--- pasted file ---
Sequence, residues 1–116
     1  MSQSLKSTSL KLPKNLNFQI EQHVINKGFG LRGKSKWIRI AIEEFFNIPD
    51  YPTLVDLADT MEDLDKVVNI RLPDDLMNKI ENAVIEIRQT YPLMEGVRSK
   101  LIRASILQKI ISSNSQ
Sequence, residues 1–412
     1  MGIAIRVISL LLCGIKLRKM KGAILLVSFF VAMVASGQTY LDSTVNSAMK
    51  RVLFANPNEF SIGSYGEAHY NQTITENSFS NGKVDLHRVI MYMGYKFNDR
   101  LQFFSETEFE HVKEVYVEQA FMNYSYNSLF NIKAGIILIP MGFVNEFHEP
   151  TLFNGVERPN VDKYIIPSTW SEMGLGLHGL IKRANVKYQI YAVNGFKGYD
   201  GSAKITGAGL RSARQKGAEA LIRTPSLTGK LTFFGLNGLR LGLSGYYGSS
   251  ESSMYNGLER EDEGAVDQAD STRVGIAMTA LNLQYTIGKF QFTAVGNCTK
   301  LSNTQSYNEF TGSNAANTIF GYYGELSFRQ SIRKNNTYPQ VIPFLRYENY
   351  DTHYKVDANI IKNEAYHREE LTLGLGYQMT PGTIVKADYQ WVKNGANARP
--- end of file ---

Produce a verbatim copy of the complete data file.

Sequence, residues 1–116
     1  MSQSLKSTSL KLPKNLNFQI EQHVINKGFG LRGKSKWIRI AIEEFFNIPD
    51  YPTLVDLADT MEDLDKVVNI RLPDDLMNKI ENAVIEIRQT YPLMEGVRSK
   101  LIRASILQKI ISSNSQ
Sequence, residues 1–412
     1  MGIAIRVISL LLCGIKLRKM KGAILLVSFF VAMVASGQTY LDSTVNSAMK
    51  RVLFANPNEF SIGSYGEAHY NQTITENSFS NGKVDLHRVI MYMGYKFNDR
   101  LQFFSETEFE HVKEVYVEQA FMNYSYNSLF NIKAGIILIP MGFVNEFHEP
   151  TLFNGVERPN VDKYIIPSTW SEMGLGLHGL IKRANVKYQI YAVNGFKGYD
   201  GSAKITGAGL RSARQKGAEA LIRTPSLTGK LTFFGLNGLR LGLSGYYGSS
   251  ESSMYNGLER EDEGAVDQAD STRVGIAMTA LNLQYTIGKF QFTAVGNCTK
   301  LSNTQSYNEF TGSNAANTIF GYYGELSFRQ SIRKNNTYPQ VIPFLRYENY
   351  DTHYKVDANI IKNEAYHREE LTLGLGYQMT PGTIVKADYQ WVKNGANARP